Provenance is one of the most universally misunderstood concepts in art, most particularly in Aboriginal art.
Provenance is the imprimatur conferred upon an artwork due to the entire history of its existence. It is a movable feast that only begins with how the artwork finds its way into the market and onto a client’s wall.
Imagine that a painting, like an individual dollar coin in your pocket, has passed through many hands since it was first created. The dollar coin is an exact replica of thousands of other coins that came off the same press in the mint yet each has an utterly different history of ownership. Your own coin may have been used to purchase all manner of items, both legal and illegal, by rich and by poor, healthy and sick, at any time between childhood to dotage. And so it is with each and every painting created by each and every individual artist.
An artwork’s provenance, and hence its value, only begins with how it found its way into the market in the first place. In the case of an old artefact, this could include whether it was actually made for its intended use or made for sale; whether it was at some time collected by a famous colonial identity; or sat on the mantelpiece in an iconic old homestead. In the case of an Aboriginal painting or sculpture, this will include whether it was produced by an artist and supplied to a community Art Centre, their official agent, an independent dealer, a taxi driver in Alice Springs, a local wholesaler, or perhaps even directly to a gallery at some point along the artist’s travels. Once past this initial transaction, the artwork may find its way into a souvenir shop, a retail outlet that specialises in Indigenous art, or a shop that carries a range of art objects and styles. If purchased by an exhibiting gallery, it may be used to advertise an exhibition in a quality art magazine and, if considered good enough, be included in a group or solo exhibition. It could be used to illustrate an invitation or included in an exhibition catalogue. The standing of the gallery that confers its imprimatur on the artwork will make a valuable contribution to its collectability, just as its sale on eBay or through a ‘fly by nighter’ will fail to enhance its value.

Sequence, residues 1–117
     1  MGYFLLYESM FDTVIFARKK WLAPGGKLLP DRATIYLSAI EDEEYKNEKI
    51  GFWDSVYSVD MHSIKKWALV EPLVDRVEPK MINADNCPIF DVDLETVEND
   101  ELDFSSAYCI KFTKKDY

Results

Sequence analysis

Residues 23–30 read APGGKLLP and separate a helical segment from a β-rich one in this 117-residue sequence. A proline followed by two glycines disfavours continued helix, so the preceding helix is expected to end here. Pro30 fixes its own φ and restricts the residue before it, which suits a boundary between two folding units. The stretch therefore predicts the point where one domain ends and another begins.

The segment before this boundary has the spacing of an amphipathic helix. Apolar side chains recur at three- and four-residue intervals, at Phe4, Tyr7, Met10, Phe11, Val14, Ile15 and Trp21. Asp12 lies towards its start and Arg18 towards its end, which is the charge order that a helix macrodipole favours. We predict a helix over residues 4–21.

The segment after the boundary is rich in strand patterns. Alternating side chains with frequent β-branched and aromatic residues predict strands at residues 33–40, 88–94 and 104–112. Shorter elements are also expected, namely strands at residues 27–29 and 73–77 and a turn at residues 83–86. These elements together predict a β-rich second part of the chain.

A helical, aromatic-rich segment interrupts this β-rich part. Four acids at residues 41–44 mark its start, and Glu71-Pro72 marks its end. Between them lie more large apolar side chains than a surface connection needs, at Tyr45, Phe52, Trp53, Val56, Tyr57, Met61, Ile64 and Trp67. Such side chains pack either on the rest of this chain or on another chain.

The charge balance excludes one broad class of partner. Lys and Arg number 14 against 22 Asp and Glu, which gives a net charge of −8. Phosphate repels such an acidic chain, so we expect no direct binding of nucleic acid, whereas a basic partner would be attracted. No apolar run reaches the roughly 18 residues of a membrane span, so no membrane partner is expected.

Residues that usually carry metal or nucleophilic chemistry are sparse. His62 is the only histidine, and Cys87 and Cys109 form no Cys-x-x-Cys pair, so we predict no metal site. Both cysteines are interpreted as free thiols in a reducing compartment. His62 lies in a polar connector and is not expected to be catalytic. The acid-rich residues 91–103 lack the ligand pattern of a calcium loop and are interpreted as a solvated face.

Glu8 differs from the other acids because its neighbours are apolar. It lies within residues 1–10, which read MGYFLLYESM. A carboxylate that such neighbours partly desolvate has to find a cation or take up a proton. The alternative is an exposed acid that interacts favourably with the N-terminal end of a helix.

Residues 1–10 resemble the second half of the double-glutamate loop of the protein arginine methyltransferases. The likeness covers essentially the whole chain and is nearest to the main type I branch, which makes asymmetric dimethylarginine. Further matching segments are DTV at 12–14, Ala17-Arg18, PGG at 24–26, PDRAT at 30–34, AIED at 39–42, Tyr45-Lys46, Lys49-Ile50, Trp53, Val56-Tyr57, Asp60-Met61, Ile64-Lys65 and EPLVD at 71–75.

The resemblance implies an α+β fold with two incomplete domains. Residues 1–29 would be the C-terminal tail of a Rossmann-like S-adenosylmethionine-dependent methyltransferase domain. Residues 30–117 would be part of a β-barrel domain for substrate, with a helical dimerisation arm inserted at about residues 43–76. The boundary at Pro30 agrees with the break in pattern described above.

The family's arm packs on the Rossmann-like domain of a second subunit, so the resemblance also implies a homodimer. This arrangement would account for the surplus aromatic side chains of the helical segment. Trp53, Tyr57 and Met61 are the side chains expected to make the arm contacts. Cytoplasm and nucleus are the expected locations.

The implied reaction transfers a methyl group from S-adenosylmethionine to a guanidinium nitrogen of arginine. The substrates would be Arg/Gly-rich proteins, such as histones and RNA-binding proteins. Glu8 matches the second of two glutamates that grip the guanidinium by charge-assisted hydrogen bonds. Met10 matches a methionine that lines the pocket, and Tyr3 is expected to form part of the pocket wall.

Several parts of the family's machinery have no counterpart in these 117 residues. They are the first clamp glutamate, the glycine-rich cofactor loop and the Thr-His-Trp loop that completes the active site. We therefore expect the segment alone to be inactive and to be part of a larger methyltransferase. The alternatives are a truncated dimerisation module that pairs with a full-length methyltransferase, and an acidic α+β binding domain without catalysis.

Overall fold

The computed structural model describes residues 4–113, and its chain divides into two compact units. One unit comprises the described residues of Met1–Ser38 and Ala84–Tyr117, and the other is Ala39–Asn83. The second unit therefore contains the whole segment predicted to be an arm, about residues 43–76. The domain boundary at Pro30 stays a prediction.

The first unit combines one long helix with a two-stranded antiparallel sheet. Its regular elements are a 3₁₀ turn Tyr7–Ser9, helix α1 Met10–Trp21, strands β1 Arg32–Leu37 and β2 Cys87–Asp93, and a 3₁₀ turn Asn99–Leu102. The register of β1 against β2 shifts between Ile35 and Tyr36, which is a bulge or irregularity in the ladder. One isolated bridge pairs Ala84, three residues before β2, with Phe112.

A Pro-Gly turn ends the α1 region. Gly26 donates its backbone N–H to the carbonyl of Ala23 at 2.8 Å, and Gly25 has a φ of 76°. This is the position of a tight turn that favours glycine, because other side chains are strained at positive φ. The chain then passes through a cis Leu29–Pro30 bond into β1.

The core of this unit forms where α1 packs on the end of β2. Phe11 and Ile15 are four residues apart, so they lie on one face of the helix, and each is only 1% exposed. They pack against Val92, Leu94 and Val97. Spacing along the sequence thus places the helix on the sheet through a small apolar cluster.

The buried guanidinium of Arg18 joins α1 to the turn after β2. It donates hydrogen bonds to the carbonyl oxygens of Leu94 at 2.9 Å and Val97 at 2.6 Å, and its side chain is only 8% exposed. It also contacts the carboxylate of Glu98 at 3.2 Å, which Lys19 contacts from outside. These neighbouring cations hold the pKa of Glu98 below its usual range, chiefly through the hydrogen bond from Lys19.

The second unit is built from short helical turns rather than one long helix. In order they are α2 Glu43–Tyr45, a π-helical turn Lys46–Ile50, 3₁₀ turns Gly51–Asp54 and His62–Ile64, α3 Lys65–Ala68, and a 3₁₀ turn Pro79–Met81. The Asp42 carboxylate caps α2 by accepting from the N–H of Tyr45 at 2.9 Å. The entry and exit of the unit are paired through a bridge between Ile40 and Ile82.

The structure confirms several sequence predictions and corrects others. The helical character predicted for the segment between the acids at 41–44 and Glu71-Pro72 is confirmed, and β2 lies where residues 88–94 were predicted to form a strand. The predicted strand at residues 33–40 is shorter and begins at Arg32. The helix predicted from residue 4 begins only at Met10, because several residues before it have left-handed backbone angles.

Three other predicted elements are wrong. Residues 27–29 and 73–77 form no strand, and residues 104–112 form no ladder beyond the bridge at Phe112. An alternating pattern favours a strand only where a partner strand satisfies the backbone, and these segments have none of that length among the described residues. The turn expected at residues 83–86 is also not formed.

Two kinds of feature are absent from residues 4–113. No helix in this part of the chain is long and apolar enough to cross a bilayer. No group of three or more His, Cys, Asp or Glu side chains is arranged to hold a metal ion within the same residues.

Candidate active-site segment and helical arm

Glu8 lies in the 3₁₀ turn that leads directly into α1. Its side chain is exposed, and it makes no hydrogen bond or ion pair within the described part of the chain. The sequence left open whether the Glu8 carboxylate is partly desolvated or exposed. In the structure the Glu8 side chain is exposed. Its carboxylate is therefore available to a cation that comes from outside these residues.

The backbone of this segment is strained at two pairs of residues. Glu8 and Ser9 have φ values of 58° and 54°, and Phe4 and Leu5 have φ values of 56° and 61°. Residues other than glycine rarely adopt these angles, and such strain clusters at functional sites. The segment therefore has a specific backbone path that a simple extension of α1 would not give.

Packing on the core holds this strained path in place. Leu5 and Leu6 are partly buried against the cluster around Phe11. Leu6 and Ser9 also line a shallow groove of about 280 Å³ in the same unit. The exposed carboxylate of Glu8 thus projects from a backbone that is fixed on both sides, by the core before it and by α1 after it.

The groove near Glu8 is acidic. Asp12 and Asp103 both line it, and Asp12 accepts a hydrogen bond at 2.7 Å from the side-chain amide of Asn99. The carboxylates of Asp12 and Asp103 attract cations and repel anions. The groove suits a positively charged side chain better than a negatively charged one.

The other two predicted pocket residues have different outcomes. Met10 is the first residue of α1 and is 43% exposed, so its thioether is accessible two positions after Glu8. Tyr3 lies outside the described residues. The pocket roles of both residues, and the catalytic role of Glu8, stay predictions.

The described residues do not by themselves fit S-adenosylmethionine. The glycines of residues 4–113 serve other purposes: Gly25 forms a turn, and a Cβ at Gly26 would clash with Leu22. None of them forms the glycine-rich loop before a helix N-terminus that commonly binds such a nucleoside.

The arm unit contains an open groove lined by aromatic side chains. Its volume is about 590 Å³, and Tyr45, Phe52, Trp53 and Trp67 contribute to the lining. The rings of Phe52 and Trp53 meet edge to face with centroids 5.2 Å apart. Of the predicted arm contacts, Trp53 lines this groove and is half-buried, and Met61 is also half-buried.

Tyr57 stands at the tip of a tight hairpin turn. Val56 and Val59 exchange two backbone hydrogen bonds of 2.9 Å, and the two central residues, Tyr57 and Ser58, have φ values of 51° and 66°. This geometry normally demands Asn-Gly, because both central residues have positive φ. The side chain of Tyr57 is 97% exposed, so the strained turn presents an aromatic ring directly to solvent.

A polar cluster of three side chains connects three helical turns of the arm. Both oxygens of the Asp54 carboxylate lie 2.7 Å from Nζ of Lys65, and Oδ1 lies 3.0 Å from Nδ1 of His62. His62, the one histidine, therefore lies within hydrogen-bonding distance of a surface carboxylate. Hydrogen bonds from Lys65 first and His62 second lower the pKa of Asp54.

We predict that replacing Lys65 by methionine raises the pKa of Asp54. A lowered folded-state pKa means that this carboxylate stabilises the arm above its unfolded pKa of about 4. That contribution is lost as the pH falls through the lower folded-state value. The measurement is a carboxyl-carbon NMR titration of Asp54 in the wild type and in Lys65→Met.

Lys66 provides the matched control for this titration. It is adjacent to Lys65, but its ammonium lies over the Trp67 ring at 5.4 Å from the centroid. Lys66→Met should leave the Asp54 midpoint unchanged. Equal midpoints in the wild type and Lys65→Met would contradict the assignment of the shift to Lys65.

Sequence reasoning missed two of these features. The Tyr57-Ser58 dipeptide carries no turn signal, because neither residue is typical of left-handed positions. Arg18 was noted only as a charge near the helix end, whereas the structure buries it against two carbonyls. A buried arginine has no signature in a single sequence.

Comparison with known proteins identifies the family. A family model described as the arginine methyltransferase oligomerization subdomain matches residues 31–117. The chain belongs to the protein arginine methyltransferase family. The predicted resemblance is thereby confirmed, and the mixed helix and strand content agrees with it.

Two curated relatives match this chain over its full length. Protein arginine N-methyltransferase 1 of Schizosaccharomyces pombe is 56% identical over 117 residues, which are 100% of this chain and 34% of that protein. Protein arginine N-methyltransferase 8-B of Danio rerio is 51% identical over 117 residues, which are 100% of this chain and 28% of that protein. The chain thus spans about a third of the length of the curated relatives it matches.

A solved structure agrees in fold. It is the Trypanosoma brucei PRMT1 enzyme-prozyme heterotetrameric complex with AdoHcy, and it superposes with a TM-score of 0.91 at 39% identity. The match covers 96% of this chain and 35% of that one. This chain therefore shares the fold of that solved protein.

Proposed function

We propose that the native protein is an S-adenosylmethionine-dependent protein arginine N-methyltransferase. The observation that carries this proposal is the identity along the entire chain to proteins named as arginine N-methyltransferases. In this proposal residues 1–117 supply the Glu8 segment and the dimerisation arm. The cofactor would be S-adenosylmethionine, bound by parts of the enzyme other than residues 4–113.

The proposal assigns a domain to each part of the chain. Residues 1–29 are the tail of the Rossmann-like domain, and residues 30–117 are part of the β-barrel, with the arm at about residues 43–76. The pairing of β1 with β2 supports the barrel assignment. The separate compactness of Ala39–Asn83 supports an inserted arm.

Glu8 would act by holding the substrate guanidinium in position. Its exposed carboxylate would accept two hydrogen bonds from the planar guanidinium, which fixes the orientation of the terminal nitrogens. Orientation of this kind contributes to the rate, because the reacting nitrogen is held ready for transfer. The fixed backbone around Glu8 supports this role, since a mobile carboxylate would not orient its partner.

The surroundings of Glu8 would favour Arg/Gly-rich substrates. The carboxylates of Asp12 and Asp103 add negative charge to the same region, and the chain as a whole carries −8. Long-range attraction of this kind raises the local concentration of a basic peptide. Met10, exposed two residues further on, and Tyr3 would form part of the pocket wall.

Given the many different scenarios that are possible, I have devised a guideline for collectors, which I refer to as an Index of Provenance. This is intended as no more than a tool to assist collectors and help them understand the concept of provenance and how it can be applied by good collectors to enhance the value of their collections. While there will be those at extreme ends of the philosophical divide who may object to the relative magnitude of the points that I have bestowed for various characteristics that make up the history of any individual artwork, I have weighted them according to my own experience after discussion with fellow dealers whose experience in the industry is as extensive as my own. The accompanying table should be self-explanatory. By adding the points that you can confer upon any individual painting, the ways in which a good collector can enhance its provenance should be obvious.
INDEX OF PROVENANCE
This index is indicative only. It can, however, be a very powerful tool, used to determine the provenance of your artwork. Give an artwork a ‘score’ using the point system below. It is specifically for a work of Australian Aboriginal art. It can, however, be modified in order to apply to absolutely any asset class.
Clifford Possum Tjapaltjari, Love Story Ngarlu, 1991, 152.5 x 122 cm
To be offered for sale in the Cooee Art MarketPlace November 27th Auction.
Painted for an established dealer, included in artist touring retrospective to State institutions and illustrated in several books, magazines, and catalogues.
This exceptional rendition of the artists most important story has a Provenance Index of 17 (Stellar).
Source (Choose only one of the following)
Accompanied by (Choose no more than two of the following)
Exhibition History (Choose no more than eight of the following if applicable)